A kindly couple who had taken my parents in their hearts decided to look after me so my mother could continue with her studies. I should add that this kindly couple are white. The context? It was the 70’s, it was Dagenham, and for those of you who can recall it was a time when it was not easy to be BAME in the UK.I call this kindly couple mum and dad to this day. Their children are my brothers and sisters. We were a reconstituted family before reconstituted families were a thing. I grew up without any sense that I was different, even though it was glaringly obvious that I was.
This experience has formed my character, my world view, and it continues to prove to me what is possible. It stands in stark contrast to what I encountered some years later in Nigeria with my birth parents.
In my adult life I chose Scotland as my home. I count Dundonians as my people. I have worked tirelessly for social justice in this land. Strangely in the middle of last year, I experienced something similar to what I once felt in Nigeria. A dislocation. A sense of unbelonging. I felt like I really wanted to leave. Why? The growing clamour for Scottish
Again. Brexit. The Home Office hostile environment policy. The decimation of public services over the past decade. The rise of the food bank. The results of the last general election.
I think all these significant moments in the life of our society all keyed into a growing sense that my voice, my experience, my perspective was inconvenient, didn’t fit, wasn’t valued. I felt marginalised. The echo of a childhood memory that saw my family flee to make a new life in a new land.
The truth is that there are countless thousands who feel this alienation.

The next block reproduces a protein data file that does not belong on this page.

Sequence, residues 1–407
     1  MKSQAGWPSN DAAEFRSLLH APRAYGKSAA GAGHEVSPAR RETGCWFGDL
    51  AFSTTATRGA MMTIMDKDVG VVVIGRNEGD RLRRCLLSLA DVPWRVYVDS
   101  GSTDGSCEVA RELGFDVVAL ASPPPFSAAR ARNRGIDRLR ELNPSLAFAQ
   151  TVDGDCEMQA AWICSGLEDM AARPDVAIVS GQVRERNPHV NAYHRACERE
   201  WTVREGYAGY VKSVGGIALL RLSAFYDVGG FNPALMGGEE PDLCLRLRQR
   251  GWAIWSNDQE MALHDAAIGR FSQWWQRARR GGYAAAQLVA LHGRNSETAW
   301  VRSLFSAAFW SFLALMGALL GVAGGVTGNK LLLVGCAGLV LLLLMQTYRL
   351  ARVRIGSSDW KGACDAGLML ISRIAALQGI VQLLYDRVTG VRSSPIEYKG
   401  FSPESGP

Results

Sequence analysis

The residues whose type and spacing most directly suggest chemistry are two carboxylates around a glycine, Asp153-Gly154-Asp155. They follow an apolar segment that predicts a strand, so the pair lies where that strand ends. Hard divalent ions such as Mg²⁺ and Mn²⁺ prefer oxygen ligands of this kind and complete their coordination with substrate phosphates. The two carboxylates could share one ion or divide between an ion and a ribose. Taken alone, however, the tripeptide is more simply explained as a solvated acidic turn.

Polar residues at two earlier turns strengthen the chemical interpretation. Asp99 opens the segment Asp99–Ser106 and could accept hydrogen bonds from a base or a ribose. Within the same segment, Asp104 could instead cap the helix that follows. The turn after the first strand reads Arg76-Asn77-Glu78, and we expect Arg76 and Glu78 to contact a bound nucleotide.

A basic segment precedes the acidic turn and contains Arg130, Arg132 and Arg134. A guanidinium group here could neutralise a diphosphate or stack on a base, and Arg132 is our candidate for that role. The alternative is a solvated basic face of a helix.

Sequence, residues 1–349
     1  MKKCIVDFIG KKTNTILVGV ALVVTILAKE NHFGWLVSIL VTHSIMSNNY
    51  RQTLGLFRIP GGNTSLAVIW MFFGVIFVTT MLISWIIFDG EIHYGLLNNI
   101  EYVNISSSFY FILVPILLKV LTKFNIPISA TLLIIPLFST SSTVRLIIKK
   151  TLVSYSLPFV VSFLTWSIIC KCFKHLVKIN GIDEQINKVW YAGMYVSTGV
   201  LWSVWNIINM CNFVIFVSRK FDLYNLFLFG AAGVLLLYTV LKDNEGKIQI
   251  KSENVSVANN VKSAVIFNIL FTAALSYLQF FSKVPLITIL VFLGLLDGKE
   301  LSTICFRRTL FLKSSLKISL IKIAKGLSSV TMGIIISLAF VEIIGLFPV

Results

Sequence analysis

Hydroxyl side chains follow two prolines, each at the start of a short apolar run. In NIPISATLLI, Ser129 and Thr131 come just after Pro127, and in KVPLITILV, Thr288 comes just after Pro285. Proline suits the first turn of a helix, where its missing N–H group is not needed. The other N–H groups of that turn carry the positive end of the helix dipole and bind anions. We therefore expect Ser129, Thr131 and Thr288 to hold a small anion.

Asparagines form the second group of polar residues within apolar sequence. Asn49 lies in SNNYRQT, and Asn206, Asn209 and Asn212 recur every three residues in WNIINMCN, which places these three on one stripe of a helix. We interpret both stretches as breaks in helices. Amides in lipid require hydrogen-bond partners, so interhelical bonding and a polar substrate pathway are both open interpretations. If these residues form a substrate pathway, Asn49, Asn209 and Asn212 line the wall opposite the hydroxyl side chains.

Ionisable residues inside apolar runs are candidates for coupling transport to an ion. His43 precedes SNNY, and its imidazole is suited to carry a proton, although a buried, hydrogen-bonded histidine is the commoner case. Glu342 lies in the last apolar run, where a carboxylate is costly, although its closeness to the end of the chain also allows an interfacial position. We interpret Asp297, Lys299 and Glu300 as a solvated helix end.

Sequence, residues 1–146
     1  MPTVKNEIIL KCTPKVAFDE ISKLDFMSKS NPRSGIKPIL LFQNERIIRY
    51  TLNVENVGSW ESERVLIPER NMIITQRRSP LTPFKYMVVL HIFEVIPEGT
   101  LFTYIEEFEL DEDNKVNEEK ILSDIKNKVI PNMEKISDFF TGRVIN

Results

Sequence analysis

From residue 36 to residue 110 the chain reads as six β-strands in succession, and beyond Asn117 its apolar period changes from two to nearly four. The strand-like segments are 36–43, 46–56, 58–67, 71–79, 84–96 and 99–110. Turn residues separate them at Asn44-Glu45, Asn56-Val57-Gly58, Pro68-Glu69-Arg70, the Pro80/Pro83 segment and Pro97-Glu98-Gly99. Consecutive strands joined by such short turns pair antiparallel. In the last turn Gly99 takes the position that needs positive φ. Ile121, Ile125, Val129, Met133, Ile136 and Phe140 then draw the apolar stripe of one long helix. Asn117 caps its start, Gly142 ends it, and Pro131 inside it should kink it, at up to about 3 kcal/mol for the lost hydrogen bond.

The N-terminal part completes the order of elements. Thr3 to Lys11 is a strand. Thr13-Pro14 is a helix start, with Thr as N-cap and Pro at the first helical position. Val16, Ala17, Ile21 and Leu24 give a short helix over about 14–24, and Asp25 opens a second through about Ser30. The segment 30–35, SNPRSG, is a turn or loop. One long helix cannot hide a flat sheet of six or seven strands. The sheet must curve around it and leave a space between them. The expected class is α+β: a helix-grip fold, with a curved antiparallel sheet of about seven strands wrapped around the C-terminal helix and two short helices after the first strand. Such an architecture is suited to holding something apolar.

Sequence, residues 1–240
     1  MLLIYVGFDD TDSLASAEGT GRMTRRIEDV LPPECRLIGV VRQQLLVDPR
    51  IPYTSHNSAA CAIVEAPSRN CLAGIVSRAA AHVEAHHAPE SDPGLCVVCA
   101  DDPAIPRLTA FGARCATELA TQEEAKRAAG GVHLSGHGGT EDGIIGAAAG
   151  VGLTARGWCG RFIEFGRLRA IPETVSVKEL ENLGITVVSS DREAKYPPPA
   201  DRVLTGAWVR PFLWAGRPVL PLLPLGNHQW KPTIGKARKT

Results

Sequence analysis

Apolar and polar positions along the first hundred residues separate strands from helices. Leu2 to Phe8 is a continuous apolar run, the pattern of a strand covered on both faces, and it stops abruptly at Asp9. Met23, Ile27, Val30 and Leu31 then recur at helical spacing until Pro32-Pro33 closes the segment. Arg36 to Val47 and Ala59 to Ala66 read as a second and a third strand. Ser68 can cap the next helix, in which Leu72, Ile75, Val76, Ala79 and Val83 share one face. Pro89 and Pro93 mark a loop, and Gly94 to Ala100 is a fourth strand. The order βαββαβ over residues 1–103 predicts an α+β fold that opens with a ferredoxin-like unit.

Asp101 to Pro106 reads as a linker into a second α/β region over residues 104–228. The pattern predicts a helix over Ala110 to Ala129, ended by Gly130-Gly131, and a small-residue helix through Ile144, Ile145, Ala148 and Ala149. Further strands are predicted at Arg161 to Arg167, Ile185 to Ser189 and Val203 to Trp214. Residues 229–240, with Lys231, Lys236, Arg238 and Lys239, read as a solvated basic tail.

Race is a factor but this goes way beyond that. It is no accident that the suicide rate amongst young men in particular, has risen significantly of late. We are a society that is not at ease with itself. And Covid-19 has very much thrown another log on the pyre of our discontent.
I mourn the death of George Floyd. It is a human tragedy. As we watch Britain respond to what is happening in America, there is a clear message coming through: 50 years on from the 1970’s and it is still not easy to be BAME in the UK.
But my sense of alienation has nothing to do with America. We have seen just under 40,000 confirmed deaths of Covid-19 to date and this number continues to rise each day.
I am frustrated that I get no real sense that anything will fundamentally change in our society to transform the inequality underlying those 40,000 deaths.
I also wonder why we are not en masse marching on the streets demanding justice for these 40,000. They did nothing wrong. The horror show in our care homes. How can we have allowed that to happen in one of the richest nations on the planet?
There is latent rage, a building frustration. People are tired of not being heard or feeling like what they need or want is not important enough. It has been there for a long time now and Covid-19 has merely shone an uncompromising light on it. This frustration unchecked leads to that emotion I encountered in Nigeria as a boy: being amongst your people and somehow feeling not wanted.
Leaving this emotion to fester only leads to tragedy.